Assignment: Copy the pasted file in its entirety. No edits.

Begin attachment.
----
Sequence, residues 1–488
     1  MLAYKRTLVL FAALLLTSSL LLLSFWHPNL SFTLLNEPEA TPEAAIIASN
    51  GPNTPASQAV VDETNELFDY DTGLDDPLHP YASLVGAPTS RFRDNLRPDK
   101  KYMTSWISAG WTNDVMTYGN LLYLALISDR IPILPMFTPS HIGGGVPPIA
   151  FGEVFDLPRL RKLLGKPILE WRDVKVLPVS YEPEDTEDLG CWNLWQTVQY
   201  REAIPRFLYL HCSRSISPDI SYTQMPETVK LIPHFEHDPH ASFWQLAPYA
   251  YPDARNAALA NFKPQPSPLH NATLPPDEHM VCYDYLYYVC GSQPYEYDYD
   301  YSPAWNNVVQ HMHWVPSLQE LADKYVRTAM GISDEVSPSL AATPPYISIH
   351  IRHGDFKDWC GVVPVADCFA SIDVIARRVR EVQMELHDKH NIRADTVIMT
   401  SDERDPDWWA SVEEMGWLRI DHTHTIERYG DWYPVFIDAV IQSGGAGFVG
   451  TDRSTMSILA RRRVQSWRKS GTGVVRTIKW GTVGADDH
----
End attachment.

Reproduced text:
Sequence, residues 1–488
     1  MLAYKRTLVL FAALLLTSSL LLLSFWHPNL SFTLLNEPEA TPEAAIIASN
    51  GPNTPASQAV VDETNELFDY DTGLDDPLHP YASLVGAPTS RFRDNLRPDK
   101  KYMTSWISAG WTNDVMTYGN LLYLALISDR IPILPMFTPS HIGGGVPPIA
   151  FGEVFDLPRL RKLLGKPILE WRDVKVLPVS YEPEDTEDLG CWNLWQTVQY
   201  REAIPRFLYL HCSRSISPDI SYTQMPETVK LIPHFEHDPH ASFWQLAPYA
   251  YPDARNAALA NFKPQPSPLH NATLPPDEHM VCYDYLYYVC GSQPYEYDYD
   301  YSPAWNNVVQ HMHWVPSLQE LADKYVRTAM GISDEVSPSL AATPPYISIH
   351  IRHGDFKDWC GVVPVADCFA SIDVIARRVR EVQMELHDKH NIRADTVIMT
   401  SDERDPDWWA SVEEMGWLRI DHTHTIERYG DWYPVFIDAV IQSGGAGFVG
   451  TDRSTMSILA RRRVQSWRKS GTGVVRTIKW GTVGADDH